As the continuum of care expands well beyond the walls of the hospital and innovation rapidly changes how and where we practice, there are more and more opportunities for nursing careers to expand and specialize—particularly in the field of nursing informatics.
Nurse informaticists speak both clinical and technical languages—vital to understanding how virtual care, mobile devices, predictive analytics, machine learning and other emerging technologies can be applied in healthcare. Continuing education can keep nurse informaticists up to date with the pace of technology, helping them lead the way in innovating for high-quality patient care through efficient management of data and technical systems.
Data from the HIMSS Nursing Informatics Workforce Survey shows that the industry and the career opportunities within continue to grow year over year. In terms of respondents’ clinical experience prior to becoming a nurse informaticist, 25% indicated they had six to 10 years of experience. While a third of respondents reported having more than 10 years of experience in nursing informatics, the percent with less than a year of experience in nursing informatics increased from 8% to 14% over three years.
To learn more about this ever-changing field, we asked nurse informaticists from across the industry to tell us about their nursing careers—here’s what we learned.
As a nurse, I saw many complications that could have been avoided if patients had easier access to much needed information and access to healthcare professionals, especially when they were at home by themselves. When someone is having a health issue, we’re hyper-focused on addressing the physical aspect. However, there are a lot of other social determinants of health—such as emotional and social issues, feeling lost and lonely—affecting the treatments. There were many gaps in the care that patients were receiving, resulting in financial toxicity, depression and opting out of treatments due to lack of information.
I would see people hurting for things for which I knew there were answers. Therefore, I started doing research to develop symptom management and quality of life protocols. I received a grant from the U.S. National Institutes of Health to research more on the topic and I joined an entrepreneurship accelerator at a university to figure out how to build a commercial company out of the research. In 2016, I founded Helpsy Health, a virtual “whole-health nurse” platform for practitioners.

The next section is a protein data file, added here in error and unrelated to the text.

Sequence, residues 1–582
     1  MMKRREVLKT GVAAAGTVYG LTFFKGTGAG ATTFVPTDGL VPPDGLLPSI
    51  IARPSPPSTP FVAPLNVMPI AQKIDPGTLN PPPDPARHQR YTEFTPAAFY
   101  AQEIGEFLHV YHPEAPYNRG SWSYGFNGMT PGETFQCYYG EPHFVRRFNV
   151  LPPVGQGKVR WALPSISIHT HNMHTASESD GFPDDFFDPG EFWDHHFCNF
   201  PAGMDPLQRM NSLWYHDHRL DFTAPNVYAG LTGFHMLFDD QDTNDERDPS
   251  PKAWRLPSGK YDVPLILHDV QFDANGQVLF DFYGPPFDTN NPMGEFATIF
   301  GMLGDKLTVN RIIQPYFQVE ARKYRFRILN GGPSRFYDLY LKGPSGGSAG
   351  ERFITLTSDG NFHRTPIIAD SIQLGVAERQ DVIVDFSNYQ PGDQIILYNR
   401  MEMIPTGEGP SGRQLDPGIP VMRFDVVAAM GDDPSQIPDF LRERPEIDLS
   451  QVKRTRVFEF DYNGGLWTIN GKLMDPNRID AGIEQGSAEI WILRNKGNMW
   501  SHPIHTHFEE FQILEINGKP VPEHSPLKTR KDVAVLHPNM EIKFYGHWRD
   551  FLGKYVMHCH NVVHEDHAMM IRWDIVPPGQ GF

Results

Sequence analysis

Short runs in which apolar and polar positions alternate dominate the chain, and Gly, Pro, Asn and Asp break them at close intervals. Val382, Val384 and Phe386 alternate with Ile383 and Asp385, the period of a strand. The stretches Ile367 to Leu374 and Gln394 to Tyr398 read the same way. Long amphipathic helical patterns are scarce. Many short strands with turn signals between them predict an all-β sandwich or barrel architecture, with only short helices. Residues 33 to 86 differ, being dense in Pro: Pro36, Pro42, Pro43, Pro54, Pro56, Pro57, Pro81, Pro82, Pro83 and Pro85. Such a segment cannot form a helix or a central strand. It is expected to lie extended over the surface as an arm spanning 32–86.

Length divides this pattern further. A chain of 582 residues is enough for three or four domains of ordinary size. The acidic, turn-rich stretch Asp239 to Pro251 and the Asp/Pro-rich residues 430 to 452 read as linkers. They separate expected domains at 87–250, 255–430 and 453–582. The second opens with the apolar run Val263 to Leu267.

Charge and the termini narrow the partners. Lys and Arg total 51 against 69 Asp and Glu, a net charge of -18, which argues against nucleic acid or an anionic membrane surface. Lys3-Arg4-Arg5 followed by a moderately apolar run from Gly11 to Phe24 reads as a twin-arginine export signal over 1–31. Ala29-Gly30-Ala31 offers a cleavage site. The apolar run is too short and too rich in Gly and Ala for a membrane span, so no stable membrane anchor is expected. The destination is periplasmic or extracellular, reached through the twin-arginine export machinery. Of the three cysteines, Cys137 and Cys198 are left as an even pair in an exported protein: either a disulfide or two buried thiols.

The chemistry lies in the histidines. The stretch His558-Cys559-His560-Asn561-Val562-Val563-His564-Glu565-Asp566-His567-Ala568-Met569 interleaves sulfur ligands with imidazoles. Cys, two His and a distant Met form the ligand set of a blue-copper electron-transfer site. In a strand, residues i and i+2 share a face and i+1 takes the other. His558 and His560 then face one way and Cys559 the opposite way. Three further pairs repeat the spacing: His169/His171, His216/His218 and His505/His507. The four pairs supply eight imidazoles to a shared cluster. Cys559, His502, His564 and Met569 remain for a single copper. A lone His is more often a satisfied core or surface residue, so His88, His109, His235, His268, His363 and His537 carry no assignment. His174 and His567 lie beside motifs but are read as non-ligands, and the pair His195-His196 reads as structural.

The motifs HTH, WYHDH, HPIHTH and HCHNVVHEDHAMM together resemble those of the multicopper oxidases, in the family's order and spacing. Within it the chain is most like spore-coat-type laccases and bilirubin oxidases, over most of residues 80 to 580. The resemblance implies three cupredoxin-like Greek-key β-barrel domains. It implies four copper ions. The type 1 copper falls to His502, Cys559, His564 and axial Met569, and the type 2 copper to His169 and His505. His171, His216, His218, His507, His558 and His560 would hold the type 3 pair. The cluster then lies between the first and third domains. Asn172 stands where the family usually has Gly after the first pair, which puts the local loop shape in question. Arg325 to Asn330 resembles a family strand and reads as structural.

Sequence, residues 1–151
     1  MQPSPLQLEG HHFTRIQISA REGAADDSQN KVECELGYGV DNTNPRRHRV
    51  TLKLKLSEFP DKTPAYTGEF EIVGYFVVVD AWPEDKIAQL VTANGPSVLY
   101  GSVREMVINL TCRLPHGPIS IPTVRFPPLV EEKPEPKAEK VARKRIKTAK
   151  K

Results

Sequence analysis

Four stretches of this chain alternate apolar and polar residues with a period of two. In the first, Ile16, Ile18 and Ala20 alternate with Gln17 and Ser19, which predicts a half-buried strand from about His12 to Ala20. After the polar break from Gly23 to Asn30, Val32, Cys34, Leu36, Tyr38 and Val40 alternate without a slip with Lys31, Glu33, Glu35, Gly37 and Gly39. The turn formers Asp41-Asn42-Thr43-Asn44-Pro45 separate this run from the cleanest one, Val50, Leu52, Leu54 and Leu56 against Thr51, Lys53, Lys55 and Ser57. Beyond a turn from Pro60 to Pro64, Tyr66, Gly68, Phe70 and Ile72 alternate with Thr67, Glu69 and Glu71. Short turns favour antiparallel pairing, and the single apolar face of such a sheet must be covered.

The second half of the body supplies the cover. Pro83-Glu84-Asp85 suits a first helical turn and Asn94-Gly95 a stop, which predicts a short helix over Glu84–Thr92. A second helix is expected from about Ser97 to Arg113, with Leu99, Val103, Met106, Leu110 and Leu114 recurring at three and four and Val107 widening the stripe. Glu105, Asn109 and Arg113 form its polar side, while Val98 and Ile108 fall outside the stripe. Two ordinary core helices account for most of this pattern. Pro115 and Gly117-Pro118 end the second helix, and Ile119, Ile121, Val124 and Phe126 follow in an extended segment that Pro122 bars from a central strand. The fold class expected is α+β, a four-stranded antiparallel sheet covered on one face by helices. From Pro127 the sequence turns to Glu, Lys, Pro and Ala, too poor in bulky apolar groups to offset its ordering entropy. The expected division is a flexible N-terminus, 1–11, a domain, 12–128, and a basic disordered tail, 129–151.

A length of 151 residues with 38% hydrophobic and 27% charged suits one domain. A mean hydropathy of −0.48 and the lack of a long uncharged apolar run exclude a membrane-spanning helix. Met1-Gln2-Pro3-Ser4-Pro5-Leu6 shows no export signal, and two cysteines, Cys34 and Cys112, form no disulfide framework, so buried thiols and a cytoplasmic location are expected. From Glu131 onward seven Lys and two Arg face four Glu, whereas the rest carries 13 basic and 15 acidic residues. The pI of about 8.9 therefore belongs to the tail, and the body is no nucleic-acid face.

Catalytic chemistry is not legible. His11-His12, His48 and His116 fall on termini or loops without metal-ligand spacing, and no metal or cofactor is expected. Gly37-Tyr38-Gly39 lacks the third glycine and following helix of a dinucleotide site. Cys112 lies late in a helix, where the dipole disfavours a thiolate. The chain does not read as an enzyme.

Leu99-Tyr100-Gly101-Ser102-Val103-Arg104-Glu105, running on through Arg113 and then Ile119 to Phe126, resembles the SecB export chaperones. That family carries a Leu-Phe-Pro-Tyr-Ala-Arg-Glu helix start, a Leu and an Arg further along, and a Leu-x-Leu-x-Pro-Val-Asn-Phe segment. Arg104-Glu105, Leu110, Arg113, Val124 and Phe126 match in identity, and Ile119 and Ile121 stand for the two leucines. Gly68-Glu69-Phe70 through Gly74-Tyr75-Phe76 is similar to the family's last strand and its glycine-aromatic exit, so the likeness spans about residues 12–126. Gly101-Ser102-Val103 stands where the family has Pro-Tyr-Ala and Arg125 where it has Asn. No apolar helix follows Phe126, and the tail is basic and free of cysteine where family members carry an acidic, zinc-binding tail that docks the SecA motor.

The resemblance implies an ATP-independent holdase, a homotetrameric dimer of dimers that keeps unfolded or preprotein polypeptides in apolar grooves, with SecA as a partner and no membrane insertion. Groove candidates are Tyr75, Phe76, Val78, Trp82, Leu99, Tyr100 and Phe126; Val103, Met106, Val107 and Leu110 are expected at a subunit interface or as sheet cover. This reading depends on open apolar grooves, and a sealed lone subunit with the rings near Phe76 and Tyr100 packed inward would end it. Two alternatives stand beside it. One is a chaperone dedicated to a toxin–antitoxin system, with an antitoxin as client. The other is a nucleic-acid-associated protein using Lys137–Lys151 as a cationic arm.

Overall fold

In my role as the founder and CEO, I help set the goals and strategy of the company. Then, my day is mostly spent working with the team on a day-to-day basis to deliver on those goals. I try to stay focused and close to our mission and vision, which is to empower people to live life to the fullest. This includes making patients’ lives better, ensuring our customers and clients are satisfied, and taking good care of our own team members.
I think health information and technology is incorporated closely to my work. Nowadays, people have their phones at all times, which serves as a good platform to get information across. My company provides patients with local resources and continuous support through the mobile app. As a result, patients are able to access information and receive the follow-up care that they need without having to physically be at healthcare centers.
As a nurse, it is important to be knowledgeable in leveraging the rapidly evolving technology to empower us to be able to do more with our time and empower patients with multitudes of tools and resources so they can take better care of themselves.
There are many options that you can choose from when pursuing a career in nursing. Nurses work across all different spectrums and stages (i.e., technology, policy, clinical care, etc.) and are able to make a significant impact.
There are many degrees and pathways in pursuing a nursing career. For professional certification, nursing professionals need to hold a license. The required license and education vary by state. Although you can step into the nursing career with an associate’s degree, a bachelor’s degree will allow you to pursue a deeper and more advanced career in nursing.
Aside from that, take advantage of the courses offered by academic institutes and professional organizations such as HIMSS that support in technology and innovation advancements. HIMSS has their Nursing Informatics Community which can be a great resource. They also have many great initiatives such as the NursePitch competition which showcases nurses’ innovations, which can be a great place of learning.
Identify your strengths and find your calling. As a nurse, you directly see the challenges your patients go through. If there is something that you are passionate about, go for it! The skills you learned as a nurse are transferable, so use it as your foundation. Do not let society impressions or pushbacks hold you back and continue to reiterate your plans until you reach the goal. Collaborate with people who are as passionate and find support in nursing communities, such as the HIMSS Nursing Informatics Community, American Nursing Association, the Oncology Nursing Society, etc.
When transitioning into non-traditional nursing roles, be proactive and listen. If you think you don’t have enough knowledge, I encourage you to gain the experience you need. Invest your time to gain more experience and knowledge. Participate in conferences, learn from fellow nurses, advocates and mentors, and make space where you can’t find space! If you see a need for a community that does not exist, make it happen. If you see a community lacking nurses or patient advocates, ask for a seat at the table. Do not be afraid to make a wave of change.